The most counterintuitive enviro-doc of the year, Pandora’s Promise makes the case that nuclear power may be the closest thing Earth has to a sustainable, realistic supply of energy. A group of activists—including Whole Earth Catalog founder Stewart Brand, author-journalist Gwyneth Cravens, The Breakthrough Institute’s Michael Shellenberger, weapons expert Richard Rhodes, and the persuasive, conflicted British writer Mark Lynas—share stories of how they became converts, expressing an urgent need for the green lobby to rethink its priorities.


The argument goes something like this: Energy use is growing constantly—an iPhone consumes as much power as a refrigerator—and should continue to do so, given its correlation with an increased quality of life. Wind turbines require natural gas as backup, solar panels are toxic to produce, and a vote against nuclear is effectively a vote for pollution-causing coal and fuel. Going atomic amounts to the least-worst option. Pandora’s Promise suggests that plants can be constructed with designs that would have prevented the disasters at Chernobyl and Fukushima—which, the film argues in its most eyebrow-raising maneuver, were apparently less catastrophic than advertised. Supplementing WHO statistics, director Robert Stone takes a Geiger counter around the globe, comparing natural background radiation in major cities to what remains in fallout zones.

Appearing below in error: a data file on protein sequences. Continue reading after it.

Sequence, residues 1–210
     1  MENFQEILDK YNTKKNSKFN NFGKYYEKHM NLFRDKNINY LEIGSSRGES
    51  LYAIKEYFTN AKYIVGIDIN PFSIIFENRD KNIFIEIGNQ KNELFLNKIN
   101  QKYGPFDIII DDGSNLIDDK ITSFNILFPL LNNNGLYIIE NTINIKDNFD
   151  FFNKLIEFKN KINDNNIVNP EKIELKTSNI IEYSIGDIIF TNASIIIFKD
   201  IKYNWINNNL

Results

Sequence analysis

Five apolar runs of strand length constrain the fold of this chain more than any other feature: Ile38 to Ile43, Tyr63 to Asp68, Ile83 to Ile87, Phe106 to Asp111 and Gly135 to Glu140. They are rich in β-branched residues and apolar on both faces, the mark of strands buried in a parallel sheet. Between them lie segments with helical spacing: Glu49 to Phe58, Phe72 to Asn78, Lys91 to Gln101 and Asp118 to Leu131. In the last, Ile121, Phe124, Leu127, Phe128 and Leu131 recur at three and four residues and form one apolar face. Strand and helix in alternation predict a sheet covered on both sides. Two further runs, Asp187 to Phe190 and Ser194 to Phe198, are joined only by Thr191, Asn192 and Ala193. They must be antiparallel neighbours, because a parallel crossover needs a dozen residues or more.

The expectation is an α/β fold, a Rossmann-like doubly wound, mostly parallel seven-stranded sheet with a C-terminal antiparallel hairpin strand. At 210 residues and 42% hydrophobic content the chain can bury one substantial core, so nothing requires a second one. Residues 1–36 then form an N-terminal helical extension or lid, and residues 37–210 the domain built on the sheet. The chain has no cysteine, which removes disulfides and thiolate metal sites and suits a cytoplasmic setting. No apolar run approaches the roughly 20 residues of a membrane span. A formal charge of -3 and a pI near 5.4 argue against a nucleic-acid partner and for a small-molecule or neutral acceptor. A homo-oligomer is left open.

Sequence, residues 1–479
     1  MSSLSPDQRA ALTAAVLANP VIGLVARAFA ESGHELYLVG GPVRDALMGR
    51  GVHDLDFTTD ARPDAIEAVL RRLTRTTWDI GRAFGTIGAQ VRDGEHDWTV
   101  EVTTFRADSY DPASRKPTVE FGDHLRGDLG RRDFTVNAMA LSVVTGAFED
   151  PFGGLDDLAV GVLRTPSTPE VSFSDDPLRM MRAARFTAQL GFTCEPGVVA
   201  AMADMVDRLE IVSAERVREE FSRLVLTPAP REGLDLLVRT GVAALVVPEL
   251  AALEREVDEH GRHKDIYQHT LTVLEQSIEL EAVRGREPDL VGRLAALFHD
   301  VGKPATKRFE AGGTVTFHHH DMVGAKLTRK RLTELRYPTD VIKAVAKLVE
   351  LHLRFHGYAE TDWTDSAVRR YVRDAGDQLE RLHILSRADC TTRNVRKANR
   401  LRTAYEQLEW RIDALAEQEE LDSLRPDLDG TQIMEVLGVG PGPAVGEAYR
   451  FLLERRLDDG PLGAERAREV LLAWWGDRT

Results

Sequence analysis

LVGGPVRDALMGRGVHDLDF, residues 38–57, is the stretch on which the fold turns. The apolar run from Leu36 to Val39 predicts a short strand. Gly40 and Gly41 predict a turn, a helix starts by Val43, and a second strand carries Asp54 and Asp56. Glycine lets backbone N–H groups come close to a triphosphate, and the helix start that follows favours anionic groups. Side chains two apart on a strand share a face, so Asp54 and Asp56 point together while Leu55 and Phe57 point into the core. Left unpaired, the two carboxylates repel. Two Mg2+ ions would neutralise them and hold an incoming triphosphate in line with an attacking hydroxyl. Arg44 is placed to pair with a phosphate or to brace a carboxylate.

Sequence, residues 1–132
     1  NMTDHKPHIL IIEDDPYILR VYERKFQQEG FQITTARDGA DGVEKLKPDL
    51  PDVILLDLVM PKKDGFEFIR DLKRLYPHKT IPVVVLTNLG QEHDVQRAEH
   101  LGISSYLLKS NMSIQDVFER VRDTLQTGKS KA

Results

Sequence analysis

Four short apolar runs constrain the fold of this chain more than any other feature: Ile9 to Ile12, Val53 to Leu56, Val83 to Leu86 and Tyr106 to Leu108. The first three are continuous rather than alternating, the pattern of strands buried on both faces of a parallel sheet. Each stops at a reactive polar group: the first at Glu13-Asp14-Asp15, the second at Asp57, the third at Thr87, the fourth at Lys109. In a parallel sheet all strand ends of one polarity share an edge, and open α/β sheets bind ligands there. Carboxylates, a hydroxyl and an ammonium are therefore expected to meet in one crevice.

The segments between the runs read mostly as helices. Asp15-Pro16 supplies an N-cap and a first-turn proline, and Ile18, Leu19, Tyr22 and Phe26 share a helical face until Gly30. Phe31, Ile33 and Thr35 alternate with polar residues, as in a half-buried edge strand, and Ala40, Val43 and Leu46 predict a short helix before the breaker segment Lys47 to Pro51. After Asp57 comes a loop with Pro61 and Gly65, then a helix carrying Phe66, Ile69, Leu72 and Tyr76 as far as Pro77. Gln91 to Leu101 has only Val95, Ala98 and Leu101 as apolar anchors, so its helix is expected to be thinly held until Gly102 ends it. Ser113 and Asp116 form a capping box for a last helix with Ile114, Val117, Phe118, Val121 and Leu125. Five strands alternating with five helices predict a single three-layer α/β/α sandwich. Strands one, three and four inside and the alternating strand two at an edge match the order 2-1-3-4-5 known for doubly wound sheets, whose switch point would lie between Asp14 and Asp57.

The arguments fly by persuasively, yet Pandora’s Promise would still be best watched in the presence of a panel of physicists, who could then confirm, disconfirm, or complicate each point. Do most viewers have the critical tools to assess this material at movie speed? (There’s talk of how journalists fail to provide proper context for contamination figures—but don’t expect much clarity on how many microsieverts of radiation are “safe,” or, for that matter, how substantial a microsievert is.) The film gains superficial force from the idea that its subjects seemingly aren’t zealots but, for the most part, former anti-nuclear advocates themselves. (This includes Stone, who was Oscar-nominated for 1988’s Radio Bikini, about U.S. nuclear tests in the Pacific.) Googling only muddies the waters on their various motivations and methodologies. Perfunctorily assembled, Pandora’s Promise is essentially a pamphlet in motion whose goal is to prompt a larger discussion. But it offers plenty to discuss, and that isn’t bad.